# Thread: Parametric equations

1. ## Parametric equations

A curve has parametric equations :

$\displaystyle x=t^3-\mu t$ , where $\displaystyle \mu$ is a constant

$\displaystyle y=\frac{t^2}{1+t^2}$

(1) Show that the curve is symmetrical about the y-axis

(2) For $\displaystyle \mu>0$ ,find in terms of $\displaystyle \mu$ the coordinates of the point where the curve intersects itself.

2. Ok, what ideas have you had so far?

3. Originally Posted by hooke
A curve has parametric equations :

$\displaystyle x=t^3-\mu t$ , where $\displaystyle \mu$ is a constant

$\displaystyle y=\frac{t^2}{1+t^2}$

(1) Show that the curve is symmetrical about the y-axis

(2) For $\displaystyle \mu>0$ ,find in terms of $\displaystyle \mu$ the coordinates of the point where the curve intersects itself.
(1) x --> -x => t --> -t and t --> -t => y --> y therefore the function is even (symmetric about y-axis).

(2) You are trying to find a crunode: Crunode - Wikipedia, the free encyclopedia.

Note that crunodes occur at points where dy/dx has the indeterminant form 0/0. So get dy/dx, find the value of t for which dy/dx is indeterminant and then substitute this value of t into x = x(t) and y = y(t). (You know in advance that the point is a crunode but you should test it anyway).

4. Originally Posted by mr fantastic
(1) x --> -x => t --> -t and t --> -t => y --> y therefore the function is even (symmetric about y-axis).

(2) You are trying to find a crunode: Crunode - Wikipedia, the free encyclopedia.

Note that crunodes occur at points where dy/dx has the indeterminant form 0/0. So get dy/dx, find the value of t for which dy/dx is indeterminant and then substitute this value of t into x = x(t) and y = y(t). (You know in advance that the point is a crunode but you should test it anyway).
thank you sir,why is the gradient of tangent 0/0 at the crunode? I only see two different tangents but not a vertical tangent.

just out of curiousity, is there an algebraic or non-calculus solution to part (2)?

5. Originally Posted by hooke
thank you sir,why is the gradient of tangent 0/0 at the crunode? I only see two different tangents but not a vertical tangent.

just out of curiousity, is there an algebraic or non-calculus solution to part (2)?
0/0 does not mean vertical tangent. It means indeterminant (which makes perfect sense if you go back and read the link again).

Not that I'm aware of.

6. Originally Posted by mr fantastic
0/0 does not mean vertical tangent. It means indeterminant (which makes perfect sense if you go back and read the link again).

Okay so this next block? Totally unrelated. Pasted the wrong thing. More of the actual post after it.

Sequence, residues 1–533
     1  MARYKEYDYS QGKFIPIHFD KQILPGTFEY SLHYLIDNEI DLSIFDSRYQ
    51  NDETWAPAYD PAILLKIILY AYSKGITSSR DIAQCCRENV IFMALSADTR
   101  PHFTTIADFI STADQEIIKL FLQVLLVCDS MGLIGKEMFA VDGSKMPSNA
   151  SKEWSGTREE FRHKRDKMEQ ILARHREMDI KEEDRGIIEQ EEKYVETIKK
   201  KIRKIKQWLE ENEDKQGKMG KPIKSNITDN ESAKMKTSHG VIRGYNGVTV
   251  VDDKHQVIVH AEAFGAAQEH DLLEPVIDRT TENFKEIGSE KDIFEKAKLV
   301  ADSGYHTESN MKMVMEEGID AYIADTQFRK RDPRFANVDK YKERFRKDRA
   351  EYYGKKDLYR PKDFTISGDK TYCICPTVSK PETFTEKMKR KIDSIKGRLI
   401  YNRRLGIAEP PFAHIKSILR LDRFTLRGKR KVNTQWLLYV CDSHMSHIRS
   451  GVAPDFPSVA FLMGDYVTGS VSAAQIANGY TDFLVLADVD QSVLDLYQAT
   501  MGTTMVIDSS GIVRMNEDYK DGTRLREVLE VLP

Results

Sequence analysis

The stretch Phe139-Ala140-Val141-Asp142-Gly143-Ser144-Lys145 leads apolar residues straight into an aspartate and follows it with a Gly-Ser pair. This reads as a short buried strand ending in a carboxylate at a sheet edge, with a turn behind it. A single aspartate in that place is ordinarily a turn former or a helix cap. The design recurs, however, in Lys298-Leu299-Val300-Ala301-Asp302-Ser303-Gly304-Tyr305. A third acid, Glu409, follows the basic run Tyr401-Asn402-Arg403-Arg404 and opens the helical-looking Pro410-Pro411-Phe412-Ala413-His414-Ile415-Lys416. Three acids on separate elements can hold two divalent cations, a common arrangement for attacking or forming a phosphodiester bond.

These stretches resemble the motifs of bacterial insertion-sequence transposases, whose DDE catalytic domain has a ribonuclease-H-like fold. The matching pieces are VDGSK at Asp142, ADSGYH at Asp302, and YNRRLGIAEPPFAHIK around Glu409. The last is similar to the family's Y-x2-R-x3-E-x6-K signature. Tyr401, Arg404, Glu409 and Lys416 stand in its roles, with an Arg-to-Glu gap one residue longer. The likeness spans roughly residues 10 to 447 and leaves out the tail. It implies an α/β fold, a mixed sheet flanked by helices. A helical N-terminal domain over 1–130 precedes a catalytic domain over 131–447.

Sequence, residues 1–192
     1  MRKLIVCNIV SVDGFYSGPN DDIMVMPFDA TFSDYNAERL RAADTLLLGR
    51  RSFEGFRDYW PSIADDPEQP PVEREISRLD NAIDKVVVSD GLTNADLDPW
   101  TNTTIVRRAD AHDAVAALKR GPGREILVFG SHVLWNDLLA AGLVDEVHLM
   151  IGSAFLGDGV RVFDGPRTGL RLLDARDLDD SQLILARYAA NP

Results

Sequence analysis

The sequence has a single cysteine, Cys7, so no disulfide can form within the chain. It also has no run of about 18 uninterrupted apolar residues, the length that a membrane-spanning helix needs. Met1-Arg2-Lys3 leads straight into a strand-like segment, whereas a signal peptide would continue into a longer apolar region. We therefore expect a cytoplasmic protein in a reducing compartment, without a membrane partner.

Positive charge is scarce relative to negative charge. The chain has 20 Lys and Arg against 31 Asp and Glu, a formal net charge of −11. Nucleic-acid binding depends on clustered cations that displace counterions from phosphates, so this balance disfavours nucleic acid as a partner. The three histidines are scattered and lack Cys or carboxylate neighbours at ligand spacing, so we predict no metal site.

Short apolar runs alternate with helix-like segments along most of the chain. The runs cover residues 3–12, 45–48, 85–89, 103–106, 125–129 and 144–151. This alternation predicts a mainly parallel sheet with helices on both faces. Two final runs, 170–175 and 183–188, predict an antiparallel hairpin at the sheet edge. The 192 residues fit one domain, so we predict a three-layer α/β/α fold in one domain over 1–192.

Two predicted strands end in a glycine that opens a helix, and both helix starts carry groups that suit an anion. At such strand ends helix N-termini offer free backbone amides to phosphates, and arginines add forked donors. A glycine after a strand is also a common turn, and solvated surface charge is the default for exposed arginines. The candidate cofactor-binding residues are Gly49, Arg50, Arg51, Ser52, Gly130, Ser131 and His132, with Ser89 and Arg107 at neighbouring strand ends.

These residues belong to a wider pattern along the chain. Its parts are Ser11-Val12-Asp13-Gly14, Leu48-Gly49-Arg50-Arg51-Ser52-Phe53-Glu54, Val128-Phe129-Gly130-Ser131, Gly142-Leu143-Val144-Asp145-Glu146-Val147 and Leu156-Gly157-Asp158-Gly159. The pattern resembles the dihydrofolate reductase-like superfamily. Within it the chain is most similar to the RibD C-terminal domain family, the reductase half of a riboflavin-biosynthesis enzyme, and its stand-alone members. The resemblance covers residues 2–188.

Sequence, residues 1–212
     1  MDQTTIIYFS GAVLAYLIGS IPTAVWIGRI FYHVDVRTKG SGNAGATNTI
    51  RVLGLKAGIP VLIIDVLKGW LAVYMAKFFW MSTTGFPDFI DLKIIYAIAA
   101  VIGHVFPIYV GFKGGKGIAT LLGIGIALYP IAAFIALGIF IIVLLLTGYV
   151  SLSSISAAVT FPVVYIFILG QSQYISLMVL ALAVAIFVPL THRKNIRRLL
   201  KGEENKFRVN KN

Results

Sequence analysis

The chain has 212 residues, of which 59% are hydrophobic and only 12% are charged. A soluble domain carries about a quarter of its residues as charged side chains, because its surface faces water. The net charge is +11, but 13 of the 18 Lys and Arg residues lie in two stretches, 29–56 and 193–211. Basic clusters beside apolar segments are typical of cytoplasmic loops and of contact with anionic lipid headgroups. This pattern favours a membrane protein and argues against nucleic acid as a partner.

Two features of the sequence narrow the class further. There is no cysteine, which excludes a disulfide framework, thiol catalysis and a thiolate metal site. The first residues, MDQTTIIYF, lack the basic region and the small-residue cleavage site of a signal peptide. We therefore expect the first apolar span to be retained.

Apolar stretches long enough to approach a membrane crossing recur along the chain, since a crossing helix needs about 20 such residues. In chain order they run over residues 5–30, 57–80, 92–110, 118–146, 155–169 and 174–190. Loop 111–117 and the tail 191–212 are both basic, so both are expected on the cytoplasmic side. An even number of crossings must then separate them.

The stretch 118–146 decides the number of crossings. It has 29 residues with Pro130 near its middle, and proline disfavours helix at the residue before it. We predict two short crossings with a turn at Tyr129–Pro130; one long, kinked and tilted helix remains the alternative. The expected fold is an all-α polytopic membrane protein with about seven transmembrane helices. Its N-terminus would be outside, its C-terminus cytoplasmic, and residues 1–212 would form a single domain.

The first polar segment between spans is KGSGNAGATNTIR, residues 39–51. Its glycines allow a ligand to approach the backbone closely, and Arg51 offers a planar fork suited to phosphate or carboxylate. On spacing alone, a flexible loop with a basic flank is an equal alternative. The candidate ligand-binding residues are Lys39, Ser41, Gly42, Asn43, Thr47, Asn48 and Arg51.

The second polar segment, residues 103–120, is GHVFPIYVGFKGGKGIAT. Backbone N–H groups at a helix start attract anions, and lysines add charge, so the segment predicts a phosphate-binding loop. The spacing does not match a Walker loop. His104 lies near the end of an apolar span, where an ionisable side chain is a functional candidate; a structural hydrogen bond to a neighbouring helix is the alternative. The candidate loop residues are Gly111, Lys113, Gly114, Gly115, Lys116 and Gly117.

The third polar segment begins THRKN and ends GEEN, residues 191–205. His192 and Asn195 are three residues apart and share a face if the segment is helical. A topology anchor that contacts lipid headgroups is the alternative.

Not that I'm aware of.
i have read it a few times but i do not understand how can a point with 2 different tangents ended up with an indeterminant.

7. Well, what else can it be? If the derivative were not indeterminant, then it would have one "determinant" value and that would be the slope of the tangent line.

But mr fantastic was answering a different question, "why is 0/0 not "infinite?"(giving a vertical tangent). The answer to that is that limits such as $\displaystyle \lim_{x\to 0}\frac{x}{x}= 1$, $\displaystyle \lim_{x\to 0} \frac{2x}{x}= 2$ all involve fractions of the form "0/0" but different limits and so different "slopes". To have an infinite limit your fraction must be of the form "a/0" where a is not 0.

8. Originally Posted by hooke
A curve has parametric equations :

$\displaystyle x=t^3-\mu t$ , where $\displaystyle \mu$ is a constant

$\displaystyle y=\frac{t^2}{1+t^2}$

(1) Show that the curve is symmetrical about the y-axis

(2) For $\displaystyle \mu>0$ ,find in terms of $\displaystyle \mu$ the coordinates of the point where the curve intersects itself.
This is my work,

$\displaystyle \frac{dy}{dx}=\frac{2t}{(1+t^2)^2(3t^2-\mu)}$

so i am supposed to find a value of t which gives 0/0 but that seems impossible..

If $\displaystyle t=\pm\sqrt{\frac{\mu}{3}}$, it only makes the denominator 0 and if t=0, only the numerator is 0

??

9. Originally Posted by hooke
This is my work,

$\displaystyle \frac{dy}{dx}=\frac{2t}{(1+t^2)^2(3t^2-\mu)}$

so i am supposed to find a value of t which gives 0/0 but that seems impossible..

If $\displaystyle t=\pm\sqrt{\frac{\mu}{3}}$, it only makes the denominator 0 and if t=0, only the numerator is 0

??
Perhaps there's a misprint in the question .... (I had half-suspected as much earlier because if the curve is symmetric about the y-axis I would have expected the crunode to lie on the y-axis ....)